Personnel: Darrell Nulisch (vocals, harmonica); Johnny Moeller (guitar); Scott Young (flute, alto saxophone); Bruce Swaim, Jeff Antoniuk (tenor saxophone); Scott Silbert (baritone saxophone); Kenny Rittenhouse, Kevin Burns, Tommy Williams (trumpet); John Jensen (trombone); Benjie Porecki (keyboards); Rob Stupka (drums); Victor Williams (percussion); Lou Pride, Meg Murray (background vocals).
Audio Mixer: David Earl.
Singer/harpist Darrell Nulisch returns to the soul-blues he's best known for after 2007's more bluesy Goin Back to Dallas. His fifth release for the Severn imprint is a typically tasty set given a comfy, homey feel likely due to Nulisch once again working with longtime veteran sidemen such as guitarist Johnny Moeller, bassist Steve Gomes, and drummer Rob Stupka. Like Robert Cray, Nulisch is generally incorrectly pigeonholed as a blues singer when really he's a soul man more in line with '60s R&B greats like O.V. Wright, Otis Clay, and James Carr. These ten smooth, low-wattage yet passionate songs don't quite hit the 40-minute mark, but add up to an album most fans of the genre will likely return to often. Four obscure yet perfectly selected covers share space with six Nulisch/Gomes originals, and it says a lot that these new songs are every bit as authentic feeling as the versions of the tunes from Lou Pride, Slim Harpo, and others. Most of the material falls into the ballad category with a few easy shuffles increasing the tempo, but generally Nulisch, who also co-produces, keeps the mood in a more muted, occasionally swampy R&B vibe. Comparisons to the Stax and Brunswick labels will be easy for fans of the genre to spot, but the whiskey-and-honey voice of Nulisch also shifts into a jazz/gospel groove for "Let a Woman Be a Woman," propelled by tambourine and Benjie Porecki's churchy organ. Brass, courtesy of no less than eight horn players with arrangements by the great Willie Henderson, keeps the sound rooted in the classic soul that Nulisch doesn't update as much as polishes off. He's not breaking any new ground on Just for You, but he's nailed a groove that keeps paying dividends, especially when the material and performances are as passionate, tasteful, and beautifully crafted as they are here. That makes this another keeper in Darrell Nulisch's impressive catalog. ~ Hal Horowitz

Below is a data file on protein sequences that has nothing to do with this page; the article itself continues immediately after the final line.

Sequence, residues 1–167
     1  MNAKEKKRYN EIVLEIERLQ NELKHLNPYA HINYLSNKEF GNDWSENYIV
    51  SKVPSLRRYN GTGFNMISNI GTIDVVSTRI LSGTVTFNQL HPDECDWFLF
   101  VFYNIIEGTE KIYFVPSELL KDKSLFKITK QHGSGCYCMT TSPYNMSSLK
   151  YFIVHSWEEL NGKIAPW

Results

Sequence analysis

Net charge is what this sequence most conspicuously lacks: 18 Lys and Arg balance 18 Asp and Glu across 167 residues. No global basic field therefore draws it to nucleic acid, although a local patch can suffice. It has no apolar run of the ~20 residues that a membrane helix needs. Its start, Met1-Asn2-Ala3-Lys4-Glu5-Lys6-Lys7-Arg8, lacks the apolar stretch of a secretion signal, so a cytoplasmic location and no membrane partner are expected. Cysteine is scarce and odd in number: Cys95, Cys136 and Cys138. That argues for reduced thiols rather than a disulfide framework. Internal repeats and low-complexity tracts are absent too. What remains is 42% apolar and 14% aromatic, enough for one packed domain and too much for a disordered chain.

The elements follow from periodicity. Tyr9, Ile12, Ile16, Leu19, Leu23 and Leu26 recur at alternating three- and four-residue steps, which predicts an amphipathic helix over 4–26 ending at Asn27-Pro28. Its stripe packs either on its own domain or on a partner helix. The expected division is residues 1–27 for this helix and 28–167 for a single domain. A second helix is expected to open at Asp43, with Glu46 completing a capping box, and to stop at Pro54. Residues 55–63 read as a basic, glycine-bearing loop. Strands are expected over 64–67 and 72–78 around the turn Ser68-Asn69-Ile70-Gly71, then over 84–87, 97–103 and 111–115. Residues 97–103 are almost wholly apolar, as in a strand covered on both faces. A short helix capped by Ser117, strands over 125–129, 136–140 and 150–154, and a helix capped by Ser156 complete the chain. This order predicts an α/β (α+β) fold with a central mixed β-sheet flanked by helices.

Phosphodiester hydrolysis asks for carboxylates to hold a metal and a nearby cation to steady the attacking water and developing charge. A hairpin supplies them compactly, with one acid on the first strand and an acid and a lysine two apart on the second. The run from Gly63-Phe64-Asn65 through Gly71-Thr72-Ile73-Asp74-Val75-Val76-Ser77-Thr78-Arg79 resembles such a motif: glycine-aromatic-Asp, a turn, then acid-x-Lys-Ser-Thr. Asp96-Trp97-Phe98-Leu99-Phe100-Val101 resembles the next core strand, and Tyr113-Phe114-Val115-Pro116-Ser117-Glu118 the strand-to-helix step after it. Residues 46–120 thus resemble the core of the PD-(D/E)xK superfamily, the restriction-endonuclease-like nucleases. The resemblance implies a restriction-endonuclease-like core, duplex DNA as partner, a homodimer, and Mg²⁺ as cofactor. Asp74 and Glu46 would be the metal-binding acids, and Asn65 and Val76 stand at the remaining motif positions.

Living Blues (p.35) - "[I]t features propulsive cadences, straightforward but intricately textured melodic lines and arrangements, and lyrics that tell life stories with vivid realism and what sounds like hard-won wisdom."